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Home :: Archive :: 1999 :: March ::
Re: Women on the Early Modern Stage
The Shakespeare Conference: SHK 10.0450  Monday, 15 March 1999.

[1]     From:   N. Keinanen <
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        Date:   Friday, 12 Mar 1999 15:30:50 +0200
        Subj:   Re: SHK 10.0427 Re: Women on the Early Modern Stage

[2]     From:   Melissa D. Aaron <
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        Date:   Friday, 12 Mar 1999 10:09:27 -0500
        Subj:   Re: SHK 10.0447 Re: Women


[1]-----------------------------------------------------------------
From:           N. Keinanen <
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Date:           Friday, 12 Mar 1999 15:30:50 +0200
Subject: 10.0427 Re: Women on the Early Modern Stage
Comment:        Re: SHK 10.0427 Re: Women on the Early Modern Stage

In responding to my comments, John Savage writes:

>My feeling is that the theatrical
>troupes went along with this, no matter how much they would have
>preferred having women play women's parts, because the important thing
>for them was to stay in business and keep eating.

I agree that the important thing is to stay in business and eat; for me
the more interesting question is whether theatrical troupes would have
"preferred" to have women play women's parts. From what I can gather,
they wouldn't have.  Both Orgel and Shapiro try to assess why, but it's
likely that there's much left to be said about the matter, especially
since new evidence seems to indicate that women were far more active in
the theater than previously thought (e.g. as actors in non-professional
productions, and as people working behind the scenes in the professional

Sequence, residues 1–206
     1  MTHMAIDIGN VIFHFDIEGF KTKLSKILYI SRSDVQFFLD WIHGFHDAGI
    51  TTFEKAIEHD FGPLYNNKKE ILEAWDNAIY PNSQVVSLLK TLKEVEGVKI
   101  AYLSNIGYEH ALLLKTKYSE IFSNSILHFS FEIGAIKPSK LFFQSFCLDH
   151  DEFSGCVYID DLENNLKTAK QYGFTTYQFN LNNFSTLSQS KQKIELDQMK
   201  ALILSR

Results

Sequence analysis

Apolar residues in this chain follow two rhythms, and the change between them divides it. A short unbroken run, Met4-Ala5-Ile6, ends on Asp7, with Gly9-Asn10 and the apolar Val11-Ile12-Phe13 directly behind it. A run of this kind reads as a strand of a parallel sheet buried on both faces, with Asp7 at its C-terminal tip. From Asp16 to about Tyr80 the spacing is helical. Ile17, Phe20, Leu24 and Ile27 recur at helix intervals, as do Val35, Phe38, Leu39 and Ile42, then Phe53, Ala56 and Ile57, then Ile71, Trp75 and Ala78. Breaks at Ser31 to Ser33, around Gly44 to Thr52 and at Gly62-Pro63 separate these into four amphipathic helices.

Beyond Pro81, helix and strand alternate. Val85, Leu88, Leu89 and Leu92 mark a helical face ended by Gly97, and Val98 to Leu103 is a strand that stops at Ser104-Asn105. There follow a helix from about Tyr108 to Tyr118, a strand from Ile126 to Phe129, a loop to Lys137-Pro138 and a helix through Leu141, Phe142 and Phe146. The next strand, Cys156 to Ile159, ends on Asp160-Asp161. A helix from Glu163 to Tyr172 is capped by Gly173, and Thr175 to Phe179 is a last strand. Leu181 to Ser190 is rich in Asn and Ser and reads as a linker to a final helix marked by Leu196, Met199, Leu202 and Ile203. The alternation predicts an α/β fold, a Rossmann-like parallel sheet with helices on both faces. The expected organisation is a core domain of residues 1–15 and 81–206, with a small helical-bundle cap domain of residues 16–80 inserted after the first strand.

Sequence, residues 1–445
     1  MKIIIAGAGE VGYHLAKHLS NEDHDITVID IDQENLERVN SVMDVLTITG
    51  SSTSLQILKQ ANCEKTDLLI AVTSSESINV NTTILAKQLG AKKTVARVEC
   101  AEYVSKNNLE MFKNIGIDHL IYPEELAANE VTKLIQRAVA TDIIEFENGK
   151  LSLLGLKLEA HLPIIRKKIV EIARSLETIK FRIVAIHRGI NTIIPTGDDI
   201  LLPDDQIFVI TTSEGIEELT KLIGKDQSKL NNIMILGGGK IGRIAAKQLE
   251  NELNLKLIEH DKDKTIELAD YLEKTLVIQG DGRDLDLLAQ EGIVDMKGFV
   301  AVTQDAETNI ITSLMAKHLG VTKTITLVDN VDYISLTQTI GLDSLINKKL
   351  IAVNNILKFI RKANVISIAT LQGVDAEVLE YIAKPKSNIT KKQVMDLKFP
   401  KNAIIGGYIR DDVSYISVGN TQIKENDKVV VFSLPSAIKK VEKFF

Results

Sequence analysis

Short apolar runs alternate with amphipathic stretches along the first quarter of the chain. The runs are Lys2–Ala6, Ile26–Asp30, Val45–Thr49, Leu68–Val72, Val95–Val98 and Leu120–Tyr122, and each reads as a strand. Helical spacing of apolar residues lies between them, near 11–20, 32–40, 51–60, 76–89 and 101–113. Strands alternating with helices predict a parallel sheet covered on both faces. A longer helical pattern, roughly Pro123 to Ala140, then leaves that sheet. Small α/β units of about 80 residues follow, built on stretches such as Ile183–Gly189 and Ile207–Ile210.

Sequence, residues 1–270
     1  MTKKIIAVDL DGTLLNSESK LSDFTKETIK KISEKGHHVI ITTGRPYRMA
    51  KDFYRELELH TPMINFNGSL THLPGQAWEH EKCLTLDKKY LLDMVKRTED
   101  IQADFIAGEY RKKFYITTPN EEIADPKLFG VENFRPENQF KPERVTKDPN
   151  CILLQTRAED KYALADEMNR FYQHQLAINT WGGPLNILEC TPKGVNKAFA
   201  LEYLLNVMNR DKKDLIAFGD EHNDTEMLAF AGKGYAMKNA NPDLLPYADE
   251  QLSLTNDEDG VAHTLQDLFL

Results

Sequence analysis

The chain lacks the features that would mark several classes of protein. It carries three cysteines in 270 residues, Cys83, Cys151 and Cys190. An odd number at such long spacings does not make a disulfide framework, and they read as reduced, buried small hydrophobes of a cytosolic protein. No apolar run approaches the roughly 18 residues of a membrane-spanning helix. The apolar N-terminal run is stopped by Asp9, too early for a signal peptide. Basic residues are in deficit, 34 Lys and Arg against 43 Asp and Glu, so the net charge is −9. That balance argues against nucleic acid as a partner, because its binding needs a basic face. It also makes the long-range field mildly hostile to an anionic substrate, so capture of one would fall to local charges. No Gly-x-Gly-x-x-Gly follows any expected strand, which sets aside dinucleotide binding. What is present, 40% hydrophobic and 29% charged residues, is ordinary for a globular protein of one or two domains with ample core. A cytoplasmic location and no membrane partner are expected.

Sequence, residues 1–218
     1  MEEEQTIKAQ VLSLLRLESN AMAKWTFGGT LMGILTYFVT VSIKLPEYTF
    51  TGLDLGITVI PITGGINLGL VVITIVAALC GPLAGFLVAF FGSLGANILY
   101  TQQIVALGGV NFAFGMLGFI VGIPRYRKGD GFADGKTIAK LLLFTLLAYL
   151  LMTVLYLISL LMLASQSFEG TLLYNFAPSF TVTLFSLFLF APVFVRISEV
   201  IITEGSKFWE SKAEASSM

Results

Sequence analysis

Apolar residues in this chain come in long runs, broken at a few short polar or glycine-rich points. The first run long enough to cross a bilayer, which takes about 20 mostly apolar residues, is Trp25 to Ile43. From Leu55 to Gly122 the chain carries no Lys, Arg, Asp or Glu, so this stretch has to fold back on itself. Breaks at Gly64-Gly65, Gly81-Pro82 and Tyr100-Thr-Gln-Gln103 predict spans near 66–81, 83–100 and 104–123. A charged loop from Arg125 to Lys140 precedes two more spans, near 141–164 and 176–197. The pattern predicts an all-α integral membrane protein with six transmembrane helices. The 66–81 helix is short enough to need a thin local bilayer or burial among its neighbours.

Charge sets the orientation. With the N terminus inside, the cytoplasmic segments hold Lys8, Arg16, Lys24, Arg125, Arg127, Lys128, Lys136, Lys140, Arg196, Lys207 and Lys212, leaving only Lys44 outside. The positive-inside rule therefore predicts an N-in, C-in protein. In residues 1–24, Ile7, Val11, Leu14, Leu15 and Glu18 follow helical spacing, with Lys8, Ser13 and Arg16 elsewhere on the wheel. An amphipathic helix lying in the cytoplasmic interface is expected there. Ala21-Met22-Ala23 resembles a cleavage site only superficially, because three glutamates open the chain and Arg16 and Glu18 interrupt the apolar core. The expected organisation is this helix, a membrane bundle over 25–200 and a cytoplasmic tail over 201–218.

companies, with costumes etc.)

N. Keinanen

[2]-------------------------------------------------------------
From:           Melissa D. Aaron <
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 >
Date:           Friday, 12 Mar 1999 10:09:27 -0500
Subject: 10.0447 Re: Women
Comment:        Re: SHK 10.0447 Re: Women

>Regarding cultural reasons for women not acting in England: the best
>thoughts on this in my opinion have to do with the fact that since the
>women's parts were generally played by boys, and that a long tradition
>of interludes depended on the skills of the men and boys of the various
>chapel choirs. When the theater went commercial in the 1600s, this
>tradition was simply maintained, shored up, perhaps, by the fears of
>City authorities with regard to sexual impropriety.

This may well account for the origin of boy actors, but not, I think,
for the cultural bias against actresses, which seems to have been quite
strong.  I am inclined to agree with those who suggest that a primary
reason for not using actresses was economic; audiences did not care for
actresses and no acting company wanted to risk losing its audience.

It's true that a company could well have been dissuaded from using
actresses by the threat of being charged for public indecency, but
theater companies seem to have broken all sorts of other laws (playing
on Sunday, playing during Lent, representation of political, religious,
and other controversial material) as long as it was lucrative enough.

Melissa D. Aaron
University of Michigan
 

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